3. 3. Now Batting…. Mr. Michael Felak, M.S. Clemson University Project Director, GoalPOST II Eugene T. Moore School of Ed. College of HEHD E-mail: [email_address] Game Face!
    4. 4. The Game Plan… <ul><li>Become familiar with SC state standards for physical education; </li></ul><ul><li>Understand the concept of intentional play ; </li></ul><ul><li>Learn best practices for planning, designing, and delivering recreation activities that align with standards ; </li></ul><ul><li>Share examples and strategies for activity programming; </li></ul><ul><li>Plan a deliberate recreation activity session for your program </li></ul>
    5. 5. Let’s Play <ul><li>“ The Farmer and the Rabbit” </li></ul>
    6. 6. Some Assumptions <ul><li>ASPs as more than glorified babysitting </li></ul><ul><li>ASPs as developmental space </li></ul><ul><li>Importance of aligning ASP activities with classroom / academic goals </li></ul><ul><li>Avoid doing “more school after-school” </li></ul>
    7. 7. <ul><li>We expect ASPs to reinforce academic goals through fun and engaging activities. </li></ul><ul><li>This works for academic subjects like math, reading, and science. </li></ul><ul><li>But - what about recreation ? Can this programming block be aligned to reinforce academic standards and policy recommendations in a fun and engaging way? </li></ul>
    8. 8. Afterschool Physical Recreation <ul><li>Activities are intended to be voluntary in nature (student choice) </li></ul><ul><li>Every student is given an equal opportunity to participate regardless of physical ability </li></ul><ul><li>Opportunity for student involvement in the planning, organization, and administration of programs </li></ul>NASPE (2001)
    9. 9. Physical Activity Recommendations <ul><li>60 minutes or more per day of physical activity </li></ul><ul><li>Moderately-vigorous activities every day </li></ul><ul><li>Vigorous activities at least 3 days/week </li></ul><ul><li>Muscle strengthening activities at least 3 days/week </li></ul><ul><li>Bone strengthening activities at least 3 days/week </li></ul>http://www.cdc.gov/physicalactivity/everyone/guidelines/children.html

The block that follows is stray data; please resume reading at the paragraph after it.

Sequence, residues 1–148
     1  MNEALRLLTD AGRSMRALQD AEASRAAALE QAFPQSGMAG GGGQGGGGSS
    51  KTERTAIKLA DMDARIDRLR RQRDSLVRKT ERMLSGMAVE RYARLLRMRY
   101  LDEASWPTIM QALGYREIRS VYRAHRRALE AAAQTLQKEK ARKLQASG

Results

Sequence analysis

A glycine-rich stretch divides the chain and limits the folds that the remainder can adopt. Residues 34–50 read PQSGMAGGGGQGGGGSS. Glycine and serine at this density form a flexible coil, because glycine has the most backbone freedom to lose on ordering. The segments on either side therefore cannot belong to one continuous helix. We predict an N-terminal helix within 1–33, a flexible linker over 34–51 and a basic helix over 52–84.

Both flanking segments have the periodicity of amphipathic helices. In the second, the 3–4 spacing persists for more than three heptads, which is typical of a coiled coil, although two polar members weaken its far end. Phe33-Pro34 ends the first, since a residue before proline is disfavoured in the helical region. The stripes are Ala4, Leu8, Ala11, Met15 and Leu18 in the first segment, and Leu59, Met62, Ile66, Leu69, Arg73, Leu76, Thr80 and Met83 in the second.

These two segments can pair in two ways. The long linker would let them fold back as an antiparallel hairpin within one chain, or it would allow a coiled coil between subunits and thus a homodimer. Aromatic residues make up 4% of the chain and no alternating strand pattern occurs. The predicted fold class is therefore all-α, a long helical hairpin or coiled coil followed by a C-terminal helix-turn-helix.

10. 10. PE/PA Priorities in SC <ul><li>Students’ Health and Fitness Act (SC Code Ann. §§ 59-10-10 through 59-10-380) </li></ul><ul><li>Mandates 90 minutes of PE and 60 minutes of physical activity for children in grades K-5 each week </li></ul><ul><li>Gap between in-school and out-of-school physical activity </li></ul><ul><li>Gap should be closed by, “ before, during, and after school instruction, fitness trail programs, intramural programs, bicycling programs, walking programs, recess, and activities designed to promote physical activity opportunities in the classroom ” (Students ’ Health and Fitness Act of 2005) </li></ul>
    11. 11. SC Academic Standards for PE <ul><li>Based on national physical education standards (NASPE, 2004) </li></ul><ul><li>Consist of 6 standards encompassing psychomotor, cognitive and affective domains </li></ul><ul><li>Each standard includes indicators of grade-level achievement (K, 1-2, 3-5, 6-8, 9-12) </li></ul><ul><li>Framework – not a curriculum </li></ul><ul><li>Set of goals for intentional instruction </li></ul>
    12. 12. SC Academic Standards for PE <ul><li>The student will demonstrate competence in motor skills and movement patterns needed to provide a variety of physical activities. </li></ul><ul><li>The student will demonstrate understanding of movement concepts, principles, strategies, and tactics as they apply to the learning and performing of physical activities. </li></ul><ul><li>The student will participate regularly in physical activity. </li></ul><ul><li>The student will achieve and maintain a health-enhancing level of physical fitness. </li></ul><ul><li>The student will exhibit responsible personal and social behavior that respects self and others in physical activity settings. </li></ul><ul><li>The student will demonstrate awareness that physical activity provides the opportunity for health, enjoyment, challenge, self-expression, and social interaction . </li></ul>